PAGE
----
The executive board of the International Monetary Fund will meet again today with Managing Director Kristalina Georgieva and the law firm that claims that the official pressured World Bank staff to change the data for the benefit of China while serving as executive director of the entity, according to sources familiar with the plan.
It is estimated that there could be some definition tomorrow, when finance ministers and other officials from many of the IMF’s 190 member countries gather in Washington for the annual fall meetings of the IMF and the World Bank, one of the sources said.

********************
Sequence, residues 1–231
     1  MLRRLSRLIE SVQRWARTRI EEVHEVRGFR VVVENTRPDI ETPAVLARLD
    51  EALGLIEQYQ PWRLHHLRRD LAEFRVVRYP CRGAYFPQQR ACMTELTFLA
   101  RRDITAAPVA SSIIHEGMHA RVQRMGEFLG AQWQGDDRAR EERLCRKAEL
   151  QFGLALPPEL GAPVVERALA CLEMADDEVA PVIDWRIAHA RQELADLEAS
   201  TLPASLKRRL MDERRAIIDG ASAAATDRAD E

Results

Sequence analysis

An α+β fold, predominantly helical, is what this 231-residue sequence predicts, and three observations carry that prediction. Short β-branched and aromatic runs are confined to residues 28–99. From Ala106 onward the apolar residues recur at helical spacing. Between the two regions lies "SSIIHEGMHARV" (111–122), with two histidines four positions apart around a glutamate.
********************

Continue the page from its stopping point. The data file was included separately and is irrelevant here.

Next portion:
The IMF executive board debated the matter for five hours on Friday before adjourning the session and asking for more “clarifying details.”
The scandal threatens to overshadow high-profile meetings on the global economy, the Covid-19 pandemic and global fiscal issues, in discussions to be held in part in person, with other gatherings online. In normal years, the event draws about 10,000 people.